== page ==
We are doing nearly everything we can do locally, but are not able to address the source of the leak, the root cause. Many people are not in the capacity, nor have the ability, to receive help due to severe mental health illness and/or addiction issues. Instead, they are being left on our streets to suffer. This status quo is the opposite of a compassionate response. People desperately need access to treatment. Service-resistant individuals have been fueled by the federal Ninth Circuit Court of Appeals decision in Martin v. City of Boise that has tied our hands and has contributed to an increase in tent cities throughout California (Recently the US Supreme Court decided to not take the Boise appeal, thus, for now, the 9th Circuit decision stands). To provide a bed for each homeless person located in Whittier (whether from Whittier or not) is cost-prohibitive and just not feasible. This is a federal mandate without any reimbursement for that mandate.
In Whittier, we were fortunate that a collaborative effort between state and local government resulted in the clearing of Parnell Park and the Whittier Boulevard greenbelt and moved many of the homeless into temporary shelters where service organizations can better tend to their individual needs. But the Parnell Park encampment is back. Through local, voter-approved Measure H, the county has committed $3.5 billion over 10 years to address the homeless crisis. And Whittier is working closely with Supervisor Janice Hahn, who is helping to provide regional support on the issue. But even Measure H and the County’s Homeless Initiative is not able to truly address the root causes of homelessness in California. And recently California received the announcement from the Governor that he has convened a special task force on homelessness and is prepared to pour $1 billion into the task. It is really good news that the State is finally focusing attention on the problem. But it is not enough to just spend money. We need to get to these root causes of homelessness.
On behalf of those working to find solutions to homelessness at the local level, the Whittier community, City of Whittier, and Los Angeles County, we need a productive conversation and agreement with state leaders to address the sources of the leak. Until the root causes of homelessness in California - mental health, drug and substance abuse, housing costs and recent criminal “reforms” - are addressed at the state level, local cities will continually be forced to mop up the leak. We need to work together to fix the leak for all Californians ... at the root level. Be assured that until we have State help, we will continue to work on finding housing for our homeless who desire a bed but we cannot, and will not, allow our parks to be overrun in such a way that our taxpaying residents and their children are unable to use those parks.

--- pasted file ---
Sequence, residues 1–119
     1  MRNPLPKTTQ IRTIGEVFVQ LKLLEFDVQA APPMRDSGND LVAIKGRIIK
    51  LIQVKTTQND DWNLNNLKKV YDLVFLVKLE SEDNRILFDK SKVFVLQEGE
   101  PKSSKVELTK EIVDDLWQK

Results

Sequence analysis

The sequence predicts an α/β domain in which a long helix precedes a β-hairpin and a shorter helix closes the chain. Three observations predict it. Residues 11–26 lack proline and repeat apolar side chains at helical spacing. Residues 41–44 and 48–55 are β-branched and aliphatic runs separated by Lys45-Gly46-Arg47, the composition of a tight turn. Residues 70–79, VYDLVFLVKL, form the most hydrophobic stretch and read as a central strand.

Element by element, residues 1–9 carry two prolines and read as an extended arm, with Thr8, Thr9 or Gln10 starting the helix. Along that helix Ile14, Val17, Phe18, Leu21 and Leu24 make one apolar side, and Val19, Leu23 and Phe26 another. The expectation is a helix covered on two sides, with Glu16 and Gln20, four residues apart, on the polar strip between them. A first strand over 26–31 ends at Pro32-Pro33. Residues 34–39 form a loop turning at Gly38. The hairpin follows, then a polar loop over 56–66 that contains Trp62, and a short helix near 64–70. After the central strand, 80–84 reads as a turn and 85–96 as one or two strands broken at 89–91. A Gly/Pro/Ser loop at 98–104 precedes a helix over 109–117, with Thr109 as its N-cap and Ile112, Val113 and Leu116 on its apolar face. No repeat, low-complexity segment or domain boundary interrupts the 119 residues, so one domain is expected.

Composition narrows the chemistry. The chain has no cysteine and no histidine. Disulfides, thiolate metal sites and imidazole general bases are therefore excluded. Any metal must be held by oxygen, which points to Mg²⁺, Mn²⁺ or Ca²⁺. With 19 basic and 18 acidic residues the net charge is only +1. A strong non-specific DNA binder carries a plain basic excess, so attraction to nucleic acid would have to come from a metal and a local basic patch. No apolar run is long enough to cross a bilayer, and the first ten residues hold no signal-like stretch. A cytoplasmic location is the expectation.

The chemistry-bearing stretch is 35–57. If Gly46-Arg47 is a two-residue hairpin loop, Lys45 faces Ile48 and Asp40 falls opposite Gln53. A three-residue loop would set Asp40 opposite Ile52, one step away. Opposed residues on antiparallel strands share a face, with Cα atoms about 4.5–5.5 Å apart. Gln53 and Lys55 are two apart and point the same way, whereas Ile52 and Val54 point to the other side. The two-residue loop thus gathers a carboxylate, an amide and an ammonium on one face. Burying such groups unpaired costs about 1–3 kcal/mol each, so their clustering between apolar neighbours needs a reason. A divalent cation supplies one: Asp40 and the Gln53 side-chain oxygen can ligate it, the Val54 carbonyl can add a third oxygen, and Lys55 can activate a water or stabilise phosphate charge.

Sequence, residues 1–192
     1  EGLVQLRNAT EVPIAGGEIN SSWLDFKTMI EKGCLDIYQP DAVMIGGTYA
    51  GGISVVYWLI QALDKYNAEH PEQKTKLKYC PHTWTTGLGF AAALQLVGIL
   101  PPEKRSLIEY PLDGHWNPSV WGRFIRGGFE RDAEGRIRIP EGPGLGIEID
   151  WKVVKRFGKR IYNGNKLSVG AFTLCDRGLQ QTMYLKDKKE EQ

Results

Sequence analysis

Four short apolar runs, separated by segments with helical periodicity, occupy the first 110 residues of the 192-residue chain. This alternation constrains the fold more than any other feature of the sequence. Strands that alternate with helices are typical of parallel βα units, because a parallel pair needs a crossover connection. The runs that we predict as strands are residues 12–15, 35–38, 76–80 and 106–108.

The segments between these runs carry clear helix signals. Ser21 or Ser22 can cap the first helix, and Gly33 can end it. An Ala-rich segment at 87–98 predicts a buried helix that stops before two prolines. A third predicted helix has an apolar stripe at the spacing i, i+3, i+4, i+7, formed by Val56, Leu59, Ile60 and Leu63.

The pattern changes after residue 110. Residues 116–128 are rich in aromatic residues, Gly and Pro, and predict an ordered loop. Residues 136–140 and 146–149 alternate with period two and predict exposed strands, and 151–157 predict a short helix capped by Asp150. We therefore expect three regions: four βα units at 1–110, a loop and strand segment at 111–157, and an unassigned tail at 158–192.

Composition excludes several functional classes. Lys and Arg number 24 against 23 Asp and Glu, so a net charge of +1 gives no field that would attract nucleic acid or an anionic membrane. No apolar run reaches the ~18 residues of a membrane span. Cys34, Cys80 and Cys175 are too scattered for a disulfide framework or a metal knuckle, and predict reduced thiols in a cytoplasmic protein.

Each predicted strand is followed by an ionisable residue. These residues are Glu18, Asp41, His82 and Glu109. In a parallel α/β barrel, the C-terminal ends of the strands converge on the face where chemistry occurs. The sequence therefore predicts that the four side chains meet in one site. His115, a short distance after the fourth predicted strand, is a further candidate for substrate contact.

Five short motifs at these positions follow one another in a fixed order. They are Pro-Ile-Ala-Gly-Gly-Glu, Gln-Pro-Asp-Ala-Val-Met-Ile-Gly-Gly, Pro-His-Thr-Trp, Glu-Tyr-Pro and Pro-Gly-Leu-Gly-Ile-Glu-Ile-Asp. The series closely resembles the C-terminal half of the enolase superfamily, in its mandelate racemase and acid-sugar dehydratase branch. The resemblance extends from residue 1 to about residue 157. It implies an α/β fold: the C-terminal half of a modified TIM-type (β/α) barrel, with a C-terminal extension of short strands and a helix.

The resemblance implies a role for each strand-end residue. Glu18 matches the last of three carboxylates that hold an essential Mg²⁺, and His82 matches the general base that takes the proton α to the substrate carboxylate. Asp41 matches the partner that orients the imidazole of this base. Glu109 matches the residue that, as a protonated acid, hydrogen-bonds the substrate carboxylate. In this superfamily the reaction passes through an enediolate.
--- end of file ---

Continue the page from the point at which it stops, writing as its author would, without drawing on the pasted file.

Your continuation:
Uptown continues to grow and prosper with new restaurants and shopping opportunities coming our way. This new year has already ushered in the openings of Poet Gardens and Whittier Brewing Company located in the historic Nixon Plaza. Costa restaurant brings a vision of seafood with a flare for our modern times. Super Mex is soon to open its unique take on Mexican food and offering an event space. Several other restaurants and another brewery will open later this year.
The Uptown Whittier Improvement Association is working hard to keep our Uptown streets cleaner and graffiti-free. In 2018 the Uptown property owners banded together with a promise for continued revitalization. Breaking ground in 2020, the city is heavily involved with the development of a much-needed new Uptown parking structure (parking gets more challenging every day). With the adoption of a streetscape infrastructure and beautification plan for Uptown, with improvements in security, streets, and sidewalks, this “foodie” destination will continue to be more vibrant every day and offer more to our residents.
Shuttered Nelles Youth Facility will soon be The Groves of Whittier
The Groves of Whittier (formally Nelles) construction is well underway. I am pleased to report that substantial progress has been and is being made. Construction permits were taken out and the initial model homes are now under construction. Those of you who have driven by will note that much of the earth moving has been completed and the streets have been paved. Importantly, portions of the property were sold to the apartment builder and to the developer of the commercial/retail. I am excited that they are now in the lease-up phase and In-N-Out, Raising Cane's, a state-of-the-art Stater Bros. and LA Fitness and others, have already joined up. And I am pleased to report that we have had discussions with Optimus, an autonomous vehicle company looking at ways to use AV vehicles at the Groves and PIH. We are also working with a consultant on doing a master people mover plan for Whittier. As I indicated, lots of progress!
As a kid, I remember giving my book reports at the Whittier Central Library to volunteers as part of the Summer Reading Club which still exists for this current generation of children. But the Central Library, a circa 1959 community treasure, was in need of work. In August we ceremoniously accepted $4.4 Million of our tax dollars back from the state thanks to the work of our Senator Bob Archuleta. Combining that with an additional $2 Million from Janice Hahn, we are well on our way to repairing and enhancing this Whittier treasure. Whittier will have a renewed Central Library very soon.